13 Oct 2016
Holding the system to account: Court of Appeal to hear case of boy who was detained in prison after he should have been released
The Court of Appeal is to hear legal argument on whether the State should be held accountable after a child was detained in prison after he should have been released.
The boy, who is represented by the Howard League for Penal Reform, was detained for an extra 11 days in Ashfield prison, near Bristol, following a disciplinary hearing before a district judge in 2012. The High Court later issued an order to set aside the decision on the basis that it had been unlawful.
In October 2014, the High Court made a further ruling that the boy was entitled to compensation. That ruling is now being appealed by the Secretary of State for Justice, with the case listed to be heard in the Court of Appeal today.
The award of compensation is nominal, but the issue is important. The possibility of financial compensation for a child who is detained for additional time following an unlawful decision is an important way of holding the system to account, to ensure fairness and guard against future mistakes.
The Howard League has published research on how prisons in England and Wales operate disciplinary hearings, called adjudications, where allegations of rule-breaking are tried.
A prisoner found guilty at an adjudication can face punishments ranging from loss of canteen to solitary confinement and extra days of imprisonment.
Figures released by the Ministry of Justice in May 2016 showed that more than one million days – or 2,890 years – of additional imprisonment had been imposed on prisoners in the previous six years.
The number of additional days imposed on prisoners increased by almost 38 per cent between 2014 and 2015.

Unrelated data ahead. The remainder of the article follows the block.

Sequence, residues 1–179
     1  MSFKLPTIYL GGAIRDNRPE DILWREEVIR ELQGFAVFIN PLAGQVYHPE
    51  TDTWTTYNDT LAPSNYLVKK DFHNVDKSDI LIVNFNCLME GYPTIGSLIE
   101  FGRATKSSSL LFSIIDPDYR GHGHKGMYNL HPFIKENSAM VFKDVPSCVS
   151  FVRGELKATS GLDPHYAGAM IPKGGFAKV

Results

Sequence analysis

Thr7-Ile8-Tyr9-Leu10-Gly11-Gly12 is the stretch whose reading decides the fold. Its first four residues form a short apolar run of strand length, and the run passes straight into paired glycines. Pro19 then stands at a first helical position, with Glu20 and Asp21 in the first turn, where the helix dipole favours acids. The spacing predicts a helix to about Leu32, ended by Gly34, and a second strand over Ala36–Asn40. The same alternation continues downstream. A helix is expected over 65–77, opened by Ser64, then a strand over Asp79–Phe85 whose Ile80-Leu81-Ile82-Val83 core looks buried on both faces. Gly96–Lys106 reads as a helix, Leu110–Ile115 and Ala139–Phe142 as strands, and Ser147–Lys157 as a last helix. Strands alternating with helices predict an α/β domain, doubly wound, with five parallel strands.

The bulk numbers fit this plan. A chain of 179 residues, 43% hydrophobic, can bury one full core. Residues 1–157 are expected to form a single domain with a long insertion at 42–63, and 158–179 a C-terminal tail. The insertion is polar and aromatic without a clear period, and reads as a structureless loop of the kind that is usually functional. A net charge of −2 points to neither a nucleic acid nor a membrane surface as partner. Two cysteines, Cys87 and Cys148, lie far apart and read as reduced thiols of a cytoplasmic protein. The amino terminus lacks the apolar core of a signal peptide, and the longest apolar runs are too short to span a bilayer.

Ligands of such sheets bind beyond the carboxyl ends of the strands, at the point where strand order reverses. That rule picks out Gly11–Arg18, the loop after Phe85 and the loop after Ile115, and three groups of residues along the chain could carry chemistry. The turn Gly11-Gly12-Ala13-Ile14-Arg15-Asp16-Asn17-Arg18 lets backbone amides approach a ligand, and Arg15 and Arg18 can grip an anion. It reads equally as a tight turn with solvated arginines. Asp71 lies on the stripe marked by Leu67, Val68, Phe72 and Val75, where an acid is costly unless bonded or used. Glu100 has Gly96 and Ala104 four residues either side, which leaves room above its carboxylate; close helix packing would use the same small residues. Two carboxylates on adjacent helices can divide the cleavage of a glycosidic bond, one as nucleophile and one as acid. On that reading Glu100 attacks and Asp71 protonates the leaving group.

Frances Crook, Chief Executive of the Howard League for Penal Reform, said: “The punishment system for breaking prison rules has resulted in an explosion in the number of extra days imposed on people, including children. The system itself is causing chaos in prisons and, as this case shows, mistakes are made.
“Where prisoners are wrongly detained as a result of prison adjudications, accountability should not be tossed aside simply because the unlawful detention has only been accepted after the time has been served.”
Background to the case
The boy at the centre of this case, identified in court as MA, is one of seven children who were unlawfully punished after they were involved in a protest over conditions in Serco-run Ashfield prison, near Bristol, in February 2012.
The protest was witnessed by a district judge, who was visiting the site in his role as an Independent Adjudicator. Despite being invited to recuse himself from either conducting the boys’ adjudication hearings or passing sentence, he declined and imposed additional days’ imprisonment on each of them.
In May 2012, the High Court issued an order setting aside the decision to convict and further detain the boys, on the basis that the Independent Adjudicator’s decision had been unlawful.
MA was the only child who had already started serving the additional days. As a result of the order, the other children did not have to serve them.
The order was part of a wider challenge brought by the Howard League against Ashfield prison in 2012.
The judgment found that children in the prison were subject to an unlawful “shadow segregation” regime. It revealed deep-rooted problems in the prison, including a “wholly inadequate system” for disclosing case papers with senior staff having a “woeful absence of knowledge” about their legal duties.
Ashfield stopped holding children in 2013. It is now a Category C prison for men, still operated by Serco.
Notes to editors
- The Howard League for Penal Reform is the oldest penal reform charity in the world. It is a national charity working for less crime, safer communities and fewer people in prison.
- A Howard League report, Punishment in prison: The world of prison discipline, can be downloaded from the charity’s website.
- The Howard League’s legal team is the only front line national legal team specialising in the legal rights and entitlements of children and young people in custody.
- Counsel is Caoilfhionn Gallagher of Doughty Street Chambers.
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